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Can't get no satisfaction: A local bus company allegedly fired an employee when he tried to disclose an unsatisfactory CHP inspection 

On an early afternoon in November 2013, a passenger bus was about 40 miles along its approximately 330-mile route from Goleta to Oakland when it ran into trouble.

That trouble was in the form of the California Highway Patrol, which stopped the driver of a Silverado Stages bus. An inspection of that bus revealed three violations, one of which put the vehicle out of commission.

All of the passengers were pulled off the bus, which was taken off the road after the CHP officer found that the left-side brake caliper was loose and actually missing a bolt. Other violations noted on the report included an inoperative rear red clearance light, and excessive oil and grease on the chassis under the engine.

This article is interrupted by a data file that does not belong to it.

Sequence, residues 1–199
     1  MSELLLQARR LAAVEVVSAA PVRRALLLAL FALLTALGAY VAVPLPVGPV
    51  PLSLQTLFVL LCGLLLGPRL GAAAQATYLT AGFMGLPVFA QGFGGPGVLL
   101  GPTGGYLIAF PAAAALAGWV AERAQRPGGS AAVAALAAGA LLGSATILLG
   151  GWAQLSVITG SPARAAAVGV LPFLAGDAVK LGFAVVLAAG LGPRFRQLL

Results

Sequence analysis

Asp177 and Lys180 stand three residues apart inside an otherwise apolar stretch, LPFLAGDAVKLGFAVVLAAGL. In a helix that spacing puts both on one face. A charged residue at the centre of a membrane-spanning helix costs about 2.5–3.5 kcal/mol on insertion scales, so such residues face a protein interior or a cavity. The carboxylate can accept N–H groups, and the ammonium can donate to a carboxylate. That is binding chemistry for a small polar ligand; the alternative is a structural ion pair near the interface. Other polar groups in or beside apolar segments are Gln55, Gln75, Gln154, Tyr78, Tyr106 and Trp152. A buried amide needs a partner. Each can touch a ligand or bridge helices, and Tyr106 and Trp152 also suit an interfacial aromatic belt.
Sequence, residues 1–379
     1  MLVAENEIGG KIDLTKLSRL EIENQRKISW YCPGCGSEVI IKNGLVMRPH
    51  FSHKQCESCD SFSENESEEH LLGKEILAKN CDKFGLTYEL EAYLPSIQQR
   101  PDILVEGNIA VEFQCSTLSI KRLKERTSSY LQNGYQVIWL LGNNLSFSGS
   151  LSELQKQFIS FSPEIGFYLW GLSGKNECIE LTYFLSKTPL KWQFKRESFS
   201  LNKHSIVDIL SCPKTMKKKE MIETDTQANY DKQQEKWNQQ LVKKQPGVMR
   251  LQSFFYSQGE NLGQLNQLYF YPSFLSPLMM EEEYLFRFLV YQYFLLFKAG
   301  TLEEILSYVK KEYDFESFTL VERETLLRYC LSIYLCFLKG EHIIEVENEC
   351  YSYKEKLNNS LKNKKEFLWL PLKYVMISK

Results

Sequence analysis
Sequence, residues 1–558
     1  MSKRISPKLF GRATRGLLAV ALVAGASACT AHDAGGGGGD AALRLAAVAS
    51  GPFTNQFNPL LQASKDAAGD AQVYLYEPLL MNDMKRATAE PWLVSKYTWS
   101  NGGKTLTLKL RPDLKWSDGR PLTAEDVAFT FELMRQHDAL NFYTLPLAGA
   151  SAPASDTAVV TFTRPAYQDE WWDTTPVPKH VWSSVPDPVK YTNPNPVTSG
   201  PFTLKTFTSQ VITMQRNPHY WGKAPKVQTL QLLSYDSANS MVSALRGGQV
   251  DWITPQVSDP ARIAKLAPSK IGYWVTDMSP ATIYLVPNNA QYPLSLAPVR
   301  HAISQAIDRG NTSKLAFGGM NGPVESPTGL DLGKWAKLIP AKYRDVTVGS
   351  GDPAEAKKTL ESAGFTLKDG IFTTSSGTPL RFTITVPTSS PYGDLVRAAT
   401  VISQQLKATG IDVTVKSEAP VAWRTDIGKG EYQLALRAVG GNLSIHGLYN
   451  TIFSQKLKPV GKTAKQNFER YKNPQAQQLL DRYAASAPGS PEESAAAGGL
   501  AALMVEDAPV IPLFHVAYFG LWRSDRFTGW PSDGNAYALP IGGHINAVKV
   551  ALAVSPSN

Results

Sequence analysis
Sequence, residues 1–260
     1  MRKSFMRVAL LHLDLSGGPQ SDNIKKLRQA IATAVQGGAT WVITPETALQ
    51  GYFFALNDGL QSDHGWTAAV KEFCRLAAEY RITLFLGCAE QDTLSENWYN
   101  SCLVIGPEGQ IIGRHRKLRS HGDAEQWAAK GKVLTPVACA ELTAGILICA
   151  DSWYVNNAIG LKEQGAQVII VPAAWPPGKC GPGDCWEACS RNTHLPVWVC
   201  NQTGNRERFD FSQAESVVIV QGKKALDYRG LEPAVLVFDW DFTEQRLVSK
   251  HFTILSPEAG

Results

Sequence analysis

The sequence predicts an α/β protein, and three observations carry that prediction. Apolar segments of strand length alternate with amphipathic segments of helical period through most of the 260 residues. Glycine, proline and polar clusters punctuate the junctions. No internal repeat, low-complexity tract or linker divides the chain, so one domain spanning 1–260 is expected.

Though the bus was the only one of Silverado Stages’ Goleta fleet placed out of service, it represented a large enough percentage (33 percent) to result in steeper enforcement actions. According to the CHP inspection report, the Goleta terminal was handed an unsatisfactory rating based on the vehicle being placed out of service.

Silverado Stages was allotted 120 days to get the bus up to snuff and pass a re-inspection, which it did, but not before appealing the original unsatisfactory rating, which resulted in the rating being suspended temporarily.

“On a technicality we suspended that rating,” CHP Spokesman Don Stafford told New Times.

That was in December 2013, and in January 2014, the CHP corrected its original documentation and reissued the unsatisfactory finding, he said. In April, Silverado Stages passed its subsequent inspection.